Offset The Forgetting Curve With Microlearning
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Why Do Employees Forget What They Learn in Training?

In the 1880s, a German psychologist, Hermann Ebbinghaus, performed experiments on human memory and developed a hypothesis called the Ebbinghaus Forgetting Curve, which illustrates the rate at which people forget new information. Without the application of the acquired learning, people may forget 80% of what they learn within 30 days!

The Forgetting Curve is impacted by several factors:

  • Pace and duration
    Fast-paced instruction in a short amount of time steepens the Forgetting Curve.
  • Volume of information
    A large volume of information shared over a short period of time increases the Forgetting Curve.

On the other hand,

  • Frequent and consistent spaced practice
    Spaced practice tends to diminish the Forgetting Curve.
  • Environmental factors
    Better rested learners have a greater capacity for retention, easing the Forgetting Curve.

What Are The Implications Of The Forgetting Curve?

Learners are bombarded with large amounts of information. Corporate training teams are faced with the reality that employers need employees on the job as quickly as possible. Unfortunately, this often triggers the Forgetting Curve.

Time-consuming training programs create diminishing Returns On Investment. Because of the steep Forgetting Curve, employees are less efficient and they’re forced to invent answers for problems on their own or become dependent on SMEs.

This may also have legal or safety ramifications. Within many industries, employees are required to adhere to compliance regulations. If those regulations or laws are transgressed, employees may be subjecting themselves and their company to lengthy and expensive court proceedings.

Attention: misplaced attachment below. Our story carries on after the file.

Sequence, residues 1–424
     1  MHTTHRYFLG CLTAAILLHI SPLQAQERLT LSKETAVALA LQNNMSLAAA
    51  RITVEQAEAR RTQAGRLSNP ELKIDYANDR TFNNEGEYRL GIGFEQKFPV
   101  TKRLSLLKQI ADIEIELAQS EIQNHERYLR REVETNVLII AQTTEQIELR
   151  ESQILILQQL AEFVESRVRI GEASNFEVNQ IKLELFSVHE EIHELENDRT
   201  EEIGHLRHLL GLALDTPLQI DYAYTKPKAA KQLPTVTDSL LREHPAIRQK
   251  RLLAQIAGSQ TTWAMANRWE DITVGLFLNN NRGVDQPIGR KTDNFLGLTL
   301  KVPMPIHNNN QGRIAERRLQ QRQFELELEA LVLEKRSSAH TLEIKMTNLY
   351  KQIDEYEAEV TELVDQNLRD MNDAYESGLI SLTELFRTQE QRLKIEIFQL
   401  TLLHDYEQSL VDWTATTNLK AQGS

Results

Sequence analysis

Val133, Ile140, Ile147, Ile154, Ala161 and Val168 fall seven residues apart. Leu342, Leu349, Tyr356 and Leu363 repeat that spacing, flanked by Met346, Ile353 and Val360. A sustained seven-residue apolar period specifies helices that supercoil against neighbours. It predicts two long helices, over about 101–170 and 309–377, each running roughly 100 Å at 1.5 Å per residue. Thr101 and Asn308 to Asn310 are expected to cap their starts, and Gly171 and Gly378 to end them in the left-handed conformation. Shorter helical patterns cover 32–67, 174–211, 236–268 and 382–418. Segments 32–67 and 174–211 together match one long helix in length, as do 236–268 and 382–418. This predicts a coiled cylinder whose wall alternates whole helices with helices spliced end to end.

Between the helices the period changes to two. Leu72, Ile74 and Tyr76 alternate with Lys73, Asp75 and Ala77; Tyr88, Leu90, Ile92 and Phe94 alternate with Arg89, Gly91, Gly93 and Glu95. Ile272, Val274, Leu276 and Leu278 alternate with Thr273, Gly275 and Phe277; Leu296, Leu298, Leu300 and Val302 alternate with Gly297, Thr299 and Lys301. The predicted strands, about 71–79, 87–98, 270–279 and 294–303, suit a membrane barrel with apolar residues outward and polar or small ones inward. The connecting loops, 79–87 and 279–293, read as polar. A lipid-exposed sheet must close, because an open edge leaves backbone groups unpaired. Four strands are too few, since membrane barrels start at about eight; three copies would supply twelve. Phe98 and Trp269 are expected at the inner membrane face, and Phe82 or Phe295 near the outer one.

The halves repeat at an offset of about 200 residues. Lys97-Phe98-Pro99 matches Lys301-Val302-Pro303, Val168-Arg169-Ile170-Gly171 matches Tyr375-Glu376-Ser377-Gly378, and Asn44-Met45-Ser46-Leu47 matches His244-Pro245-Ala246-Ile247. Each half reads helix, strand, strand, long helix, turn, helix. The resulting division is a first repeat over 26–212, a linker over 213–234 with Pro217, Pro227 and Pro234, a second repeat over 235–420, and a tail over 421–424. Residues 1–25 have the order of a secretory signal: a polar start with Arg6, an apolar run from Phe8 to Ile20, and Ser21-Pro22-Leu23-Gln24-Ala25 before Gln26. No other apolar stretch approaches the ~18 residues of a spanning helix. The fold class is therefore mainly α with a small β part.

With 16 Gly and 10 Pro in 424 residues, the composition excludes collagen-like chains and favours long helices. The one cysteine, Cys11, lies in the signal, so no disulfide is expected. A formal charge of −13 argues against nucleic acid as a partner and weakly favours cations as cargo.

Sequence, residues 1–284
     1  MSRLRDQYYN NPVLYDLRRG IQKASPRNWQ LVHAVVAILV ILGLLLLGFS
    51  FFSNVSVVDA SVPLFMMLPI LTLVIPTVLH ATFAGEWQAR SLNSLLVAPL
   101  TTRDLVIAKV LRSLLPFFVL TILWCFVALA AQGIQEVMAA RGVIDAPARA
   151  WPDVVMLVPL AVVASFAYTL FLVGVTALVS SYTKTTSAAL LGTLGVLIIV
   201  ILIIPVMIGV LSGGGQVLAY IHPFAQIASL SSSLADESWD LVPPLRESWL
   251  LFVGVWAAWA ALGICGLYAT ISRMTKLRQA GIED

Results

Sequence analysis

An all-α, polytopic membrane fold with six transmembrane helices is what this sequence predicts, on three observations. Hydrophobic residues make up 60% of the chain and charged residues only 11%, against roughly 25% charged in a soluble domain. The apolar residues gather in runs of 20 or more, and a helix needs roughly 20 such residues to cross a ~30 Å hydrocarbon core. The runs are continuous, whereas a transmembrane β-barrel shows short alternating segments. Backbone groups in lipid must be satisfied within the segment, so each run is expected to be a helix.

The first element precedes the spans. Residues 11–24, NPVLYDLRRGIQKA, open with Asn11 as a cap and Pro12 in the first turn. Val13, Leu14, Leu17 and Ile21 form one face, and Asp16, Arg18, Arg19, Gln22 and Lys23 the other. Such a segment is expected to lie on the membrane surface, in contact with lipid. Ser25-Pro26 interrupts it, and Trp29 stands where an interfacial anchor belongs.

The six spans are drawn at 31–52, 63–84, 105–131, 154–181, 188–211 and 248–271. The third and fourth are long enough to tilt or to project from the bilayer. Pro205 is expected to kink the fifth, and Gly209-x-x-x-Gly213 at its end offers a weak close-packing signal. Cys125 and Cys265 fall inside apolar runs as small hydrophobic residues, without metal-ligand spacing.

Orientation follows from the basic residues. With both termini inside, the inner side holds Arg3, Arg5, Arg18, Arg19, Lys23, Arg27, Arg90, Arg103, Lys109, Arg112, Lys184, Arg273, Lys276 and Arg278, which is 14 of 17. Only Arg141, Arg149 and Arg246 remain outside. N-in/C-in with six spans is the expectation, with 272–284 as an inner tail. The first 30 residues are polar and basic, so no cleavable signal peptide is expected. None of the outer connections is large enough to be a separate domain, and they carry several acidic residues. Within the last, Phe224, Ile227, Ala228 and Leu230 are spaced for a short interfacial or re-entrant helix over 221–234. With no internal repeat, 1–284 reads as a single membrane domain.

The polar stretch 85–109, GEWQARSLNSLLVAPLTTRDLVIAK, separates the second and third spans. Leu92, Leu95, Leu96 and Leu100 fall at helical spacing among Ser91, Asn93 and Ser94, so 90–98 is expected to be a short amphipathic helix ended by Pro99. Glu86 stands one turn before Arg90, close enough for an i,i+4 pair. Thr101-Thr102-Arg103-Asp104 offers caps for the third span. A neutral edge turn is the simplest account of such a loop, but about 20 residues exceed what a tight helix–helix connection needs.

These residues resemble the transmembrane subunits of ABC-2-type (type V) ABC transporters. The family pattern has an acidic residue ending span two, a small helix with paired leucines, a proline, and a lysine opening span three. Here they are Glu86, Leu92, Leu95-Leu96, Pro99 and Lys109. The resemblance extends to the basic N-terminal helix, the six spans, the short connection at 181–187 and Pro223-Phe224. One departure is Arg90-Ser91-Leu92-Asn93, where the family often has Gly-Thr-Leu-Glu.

How Do You Overcome The Forgetting Curve In Your Employee Training Programs?

Corporations can overcome the Forgetting Curve by fostering a healthy learning and performance ecosystem, rich with microlearning options.

The following instructional principles should make up the foundation of a sound learning and performance ecosystem.

  • Activate prior knowledge to create a strong foundation on which new knowledge can be constructed.
  • Establish a shared knowledge foundation with learning solutions on which new behaviors can be constructed. Employee training programs, either formal or informal (employing microlearning tactics), will have a starting point from which to launch successive efforts.
  • Use the scaffolding technique of guided instruction, practice, assessment, and remediation to help overcome the Forgetting Curve. Also, minimize cognitive load by excluding extraneous information.
  • Employ the learn, apply, and feedback loop to reduce the impact of the Forgetting Curve. As employees learn, they should have the opportunity to immediately apply what they’ve learned and receive feedback from coaches.
  • Leverage informal learning and microlearning outside formal employee learning programs. Healthy learning and performance ecosystems support and encourage informal learning as employees self-direct and curate content.